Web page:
Get immersed in Valdostana history, culture and traditions

Fresco at Collegiate Church of Sant'Orso in the Aosta Valley
Fresco at Collegiate Church of Sant’Orso in the Aosta Valley

The city of Aosta, Italy has been called the “Rome of the Alps.” Visitors shouldn’t miss some of the monuments and well-preserved ancient ruins that remain, including the Arch of Augustus, the Porta Praetoria, the Roman Theatre, and the city walls.

Roman walls in Aosta
Roman walls in Aosta (credit: Jerome Levine)

Because the Aosta Valley was historically a strategic passageway for travelers crossing through the Alps, numerous towers and fortified castles emerged along the routes. Of the more than 100 castles that presently dominate the valley’s landscape, some are still open to visitors offering opportunities to learn about the region’s history. There is also an abundance of shops and cafes to explore as one strolls through the town.

Rustic restaurant with an Alpine menu in Aosta
La Vache Folle, a rustic restaurant in Aosta (credit: Jerome Levine)

Among the churches worth visiting in Aosta city, two are considered “religious masterpieces” for their art and architecture. The Aosta Cathedral (Cathedral of Santa Maria Assunta) dates back to the 11th century. The Church and Cloister of Sant’Orso Collegiate include archaeological excavations that trace the building’s construction and not-to-be-missed Romanesque sculptures in the cloister.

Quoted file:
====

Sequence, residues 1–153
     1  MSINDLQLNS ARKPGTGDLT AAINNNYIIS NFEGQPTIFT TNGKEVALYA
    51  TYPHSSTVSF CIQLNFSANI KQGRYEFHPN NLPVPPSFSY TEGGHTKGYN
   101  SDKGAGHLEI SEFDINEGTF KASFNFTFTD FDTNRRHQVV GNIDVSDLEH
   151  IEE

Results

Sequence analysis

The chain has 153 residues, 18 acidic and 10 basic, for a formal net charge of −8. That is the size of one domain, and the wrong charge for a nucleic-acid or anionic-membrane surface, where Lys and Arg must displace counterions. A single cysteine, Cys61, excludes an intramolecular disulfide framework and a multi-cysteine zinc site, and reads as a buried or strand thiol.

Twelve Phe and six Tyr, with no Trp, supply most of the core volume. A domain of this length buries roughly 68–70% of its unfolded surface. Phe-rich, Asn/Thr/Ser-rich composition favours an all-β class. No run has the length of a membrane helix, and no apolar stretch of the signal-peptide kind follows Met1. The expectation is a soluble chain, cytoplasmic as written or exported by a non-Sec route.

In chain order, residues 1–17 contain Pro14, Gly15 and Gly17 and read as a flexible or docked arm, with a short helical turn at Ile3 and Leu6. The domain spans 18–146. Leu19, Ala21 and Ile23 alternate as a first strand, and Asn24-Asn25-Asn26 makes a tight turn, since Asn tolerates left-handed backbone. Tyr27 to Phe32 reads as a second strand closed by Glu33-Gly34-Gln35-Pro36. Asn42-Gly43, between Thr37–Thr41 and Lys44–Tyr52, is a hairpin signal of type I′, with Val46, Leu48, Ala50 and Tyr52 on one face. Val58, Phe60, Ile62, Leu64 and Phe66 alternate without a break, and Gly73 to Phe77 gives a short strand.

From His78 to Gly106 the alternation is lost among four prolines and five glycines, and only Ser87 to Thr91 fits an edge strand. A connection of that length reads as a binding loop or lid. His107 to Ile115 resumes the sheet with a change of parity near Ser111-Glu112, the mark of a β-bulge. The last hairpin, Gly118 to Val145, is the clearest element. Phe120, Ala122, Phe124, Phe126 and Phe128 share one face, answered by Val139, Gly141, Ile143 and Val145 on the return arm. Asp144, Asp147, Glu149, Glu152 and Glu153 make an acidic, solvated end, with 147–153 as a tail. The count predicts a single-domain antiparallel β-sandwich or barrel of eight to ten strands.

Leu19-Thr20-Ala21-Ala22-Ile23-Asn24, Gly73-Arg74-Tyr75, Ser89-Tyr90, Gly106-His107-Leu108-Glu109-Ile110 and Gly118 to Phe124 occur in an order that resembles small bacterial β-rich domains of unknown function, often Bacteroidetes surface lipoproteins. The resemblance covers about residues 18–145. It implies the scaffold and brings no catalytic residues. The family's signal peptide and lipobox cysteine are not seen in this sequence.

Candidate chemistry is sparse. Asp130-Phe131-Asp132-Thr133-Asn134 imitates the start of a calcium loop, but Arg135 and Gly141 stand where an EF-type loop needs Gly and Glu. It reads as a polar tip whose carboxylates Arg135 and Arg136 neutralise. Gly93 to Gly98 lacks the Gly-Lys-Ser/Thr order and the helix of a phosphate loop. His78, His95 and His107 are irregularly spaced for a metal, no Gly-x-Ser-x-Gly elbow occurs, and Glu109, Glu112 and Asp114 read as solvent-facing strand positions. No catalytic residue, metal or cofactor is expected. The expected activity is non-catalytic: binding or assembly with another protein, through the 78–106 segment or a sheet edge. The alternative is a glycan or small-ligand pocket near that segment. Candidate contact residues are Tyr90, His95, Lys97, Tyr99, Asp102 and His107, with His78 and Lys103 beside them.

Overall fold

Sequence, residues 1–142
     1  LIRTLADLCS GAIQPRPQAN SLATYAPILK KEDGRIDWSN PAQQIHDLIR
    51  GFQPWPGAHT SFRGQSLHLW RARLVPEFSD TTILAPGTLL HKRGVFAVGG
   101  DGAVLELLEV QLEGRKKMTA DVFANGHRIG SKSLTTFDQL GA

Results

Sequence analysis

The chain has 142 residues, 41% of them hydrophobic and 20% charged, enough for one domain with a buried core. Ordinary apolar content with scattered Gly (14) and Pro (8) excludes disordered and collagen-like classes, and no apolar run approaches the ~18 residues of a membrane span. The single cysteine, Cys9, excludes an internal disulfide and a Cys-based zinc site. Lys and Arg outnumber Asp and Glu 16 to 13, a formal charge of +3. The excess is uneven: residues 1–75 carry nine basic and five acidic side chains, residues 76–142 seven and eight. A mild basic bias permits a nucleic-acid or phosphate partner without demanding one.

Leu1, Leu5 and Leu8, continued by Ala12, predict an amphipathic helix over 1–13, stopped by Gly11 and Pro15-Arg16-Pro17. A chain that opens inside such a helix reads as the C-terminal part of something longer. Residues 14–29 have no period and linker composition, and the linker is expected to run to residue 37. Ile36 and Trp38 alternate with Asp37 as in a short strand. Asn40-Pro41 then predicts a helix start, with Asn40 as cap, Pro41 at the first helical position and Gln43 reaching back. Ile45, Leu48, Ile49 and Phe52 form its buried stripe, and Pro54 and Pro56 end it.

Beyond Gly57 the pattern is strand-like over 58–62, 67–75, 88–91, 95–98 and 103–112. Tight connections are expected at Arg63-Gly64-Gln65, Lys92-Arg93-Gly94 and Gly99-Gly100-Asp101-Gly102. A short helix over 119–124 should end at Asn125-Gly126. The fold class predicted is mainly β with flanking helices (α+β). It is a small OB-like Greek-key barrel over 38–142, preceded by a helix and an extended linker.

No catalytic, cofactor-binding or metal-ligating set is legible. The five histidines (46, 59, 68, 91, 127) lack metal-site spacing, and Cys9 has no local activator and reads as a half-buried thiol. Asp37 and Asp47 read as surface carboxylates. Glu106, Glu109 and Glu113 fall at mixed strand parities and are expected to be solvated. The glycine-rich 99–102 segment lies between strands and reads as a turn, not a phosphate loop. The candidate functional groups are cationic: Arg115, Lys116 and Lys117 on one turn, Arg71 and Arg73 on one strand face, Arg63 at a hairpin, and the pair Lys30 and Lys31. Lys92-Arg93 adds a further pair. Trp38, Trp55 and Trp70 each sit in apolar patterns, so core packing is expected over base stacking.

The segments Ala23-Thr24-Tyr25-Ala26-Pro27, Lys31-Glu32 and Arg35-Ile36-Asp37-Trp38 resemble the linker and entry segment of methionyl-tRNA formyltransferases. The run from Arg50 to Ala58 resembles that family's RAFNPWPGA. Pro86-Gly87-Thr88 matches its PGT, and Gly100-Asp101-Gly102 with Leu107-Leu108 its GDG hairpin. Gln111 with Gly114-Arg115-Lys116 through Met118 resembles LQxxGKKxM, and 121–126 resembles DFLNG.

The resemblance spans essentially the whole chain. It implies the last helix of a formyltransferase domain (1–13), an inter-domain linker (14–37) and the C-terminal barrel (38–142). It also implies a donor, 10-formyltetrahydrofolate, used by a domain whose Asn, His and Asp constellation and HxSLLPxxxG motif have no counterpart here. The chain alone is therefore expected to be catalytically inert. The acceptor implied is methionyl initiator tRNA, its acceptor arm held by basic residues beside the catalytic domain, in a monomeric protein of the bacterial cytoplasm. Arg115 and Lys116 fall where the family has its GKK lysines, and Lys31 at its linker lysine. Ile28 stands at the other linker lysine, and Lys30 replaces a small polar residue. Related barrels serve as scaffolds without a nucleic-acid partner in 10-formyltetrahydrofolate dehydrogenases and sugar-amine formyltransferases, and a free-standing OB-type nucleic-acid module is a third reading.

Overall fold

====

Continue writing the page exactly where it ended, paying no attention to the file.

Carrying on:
On a road trip, travelers can visit the quaint villages scattered throughout the region (such as La Salle, Fénis, Gressan, Arnad, Bard, and Saint-Pierre) to discover their unique beauty, foods, crafts, and cultural traditions. Check the local calendar for the timing of various cultural events and festivals, including the Sant’Orso Fair, which is held in Aosta.

Fair of Sant'Orso
Fair of Sant’Orso (credit: Aosta Valley Tourism)

And for those who lean toward more sybaritic pursuits, there are many luxury resorts and spas. The casino at Saint-Vincent (the largest in Europe) with its thermal waters has drawn visitors since 1947.

When to visit Valle d’Aosta

Aosta on a sunny day in October (credit: Jerome Levine)
Aosta on a sunny day in October (credit: Jerome Levine)

When to go depends on your interests because each of the seasons in Valle d’Aosta, Italy offers different advantages.

  • Summer is ideal for temperate weather suitable for any outdoor activity; the alpine scenery is stunning. Although July is the hottest month of the year, temperatures average around 65°F. 
  • In the fall, visitors can enjoy leaf-peeping and take advantage of the bounty of seasonal foods (like chestnuts and mushrooms). During this shoulder season, you are less likely to bump into tourists (as is also the case in spring).
  • Ski and winter sports enthusiasts will relish the spectacular snow-covered landscapes and slopes in winter. January is generally the coldest month of the year.
  • In spring, wildflowers will be in bloom and it’s a popular time for local festivals.

As long as you know what to expect (and prepare accordingly), there is no wrong time to visit.

Inspiration before you go

  • Visit the official site of Aosta Valley Tourism. This site is one of the most comprehensive and well-organized tourism websites, providing encyclopedic information on what to see, what to do, and where to stay, as well as invaluable information on planning and booking a trip.

Disclosure: The author was commissioned to write a series of posts about Le Petit Tour but any opinions expressed in this post are her own. 

Previously on More Time to Travel: